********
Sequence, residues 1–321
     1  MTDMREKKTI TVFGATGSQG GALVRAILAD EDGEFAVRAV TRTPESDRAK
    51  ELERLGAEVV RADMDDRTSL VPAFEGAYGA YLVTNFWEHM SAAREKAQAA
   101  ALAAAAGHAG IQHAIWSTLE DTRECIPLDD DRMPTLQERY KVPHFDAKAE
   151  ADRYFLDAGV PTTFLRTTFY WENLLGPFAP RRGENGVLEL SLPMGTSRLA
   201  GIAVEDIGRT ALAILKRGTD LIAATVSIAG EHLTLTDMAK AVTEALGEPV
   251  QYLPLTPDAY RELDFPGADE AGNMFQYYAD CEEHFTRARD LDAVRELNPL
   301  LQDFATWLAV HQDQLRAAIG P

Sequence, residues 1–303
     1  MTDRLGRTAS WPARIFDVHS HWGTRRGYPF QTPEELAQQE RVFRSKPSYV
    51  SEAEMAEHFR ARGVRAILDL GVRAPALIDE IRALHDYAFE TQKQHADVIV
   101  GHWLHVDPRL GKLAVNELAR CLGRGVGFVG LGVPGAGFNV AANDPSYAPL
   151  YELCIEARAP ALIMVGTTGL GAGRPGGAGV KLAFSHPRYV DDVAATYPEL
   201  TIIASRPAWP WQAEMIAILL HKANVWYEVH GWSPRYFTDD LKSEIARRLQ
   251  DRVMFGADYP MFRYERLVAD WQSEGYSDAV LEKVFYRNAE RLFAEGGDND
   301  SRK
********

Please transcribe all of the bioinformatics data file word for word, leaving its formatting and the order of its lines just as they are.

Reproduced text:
Sequence, residues 1–321
     1  MTDMREKKTI TVFGATGSQG GALVRAILAD EDGEFAVRAV TRTPESDRAK
    51  ELERLGAEVV RADMDDRTSL VPAFEGAYGA YLVTNFWEHM SAAREKAQAA
   101  ALAAAAGHAG IQHAIWSTLE DTRECIPLDD DRMPTLQERY KVPHFDAKAE
   151  ADRYFLDAGV PTTFLRTTFY WENLLGPFAP RRGENGVLEL SLPMGTSRLA
   201  GIAVEDIGRT ALAILKRGTD LIAATVSIAG EHLTLTDMAK AVTEALGEPV
   251  QYLPLTPDAY RELDFPGADE AGNMFQYYAD CEEHFTRARD LDAVRELNPL
   301  LQDFATWLAV HQDQLRAAIG P

Sequence, residues 1–303
     1  MTDRLGRTAS WPARIFDVHS HWGTRRGYPF QTPEELAQQE RVFRSKPSYV
    51  SEAEMAEHFR ARGVRAILDL GVRAPALIDE IRALHDYAFE TQKQHADVIV
   101  GHWLHVDPRL GKLAVNELAR CLGRGVGFVG LGVPGAGFNV AANDPSYAPL
   151  YELCIEARAP ALIMVGTTGL GAGRPGGAGV KLAFSHPRYV DDVAATYPEL
   201  TIIASRPAWP WQAEMIAILL HKANVWYEVH GWSPRYFTDD LKSEIARRLQ
   251  DRVMFGADYP MFRYERLVAD WQSEGYSDAV LEKVFYRNAE RLFAEGGDND
   301  SRK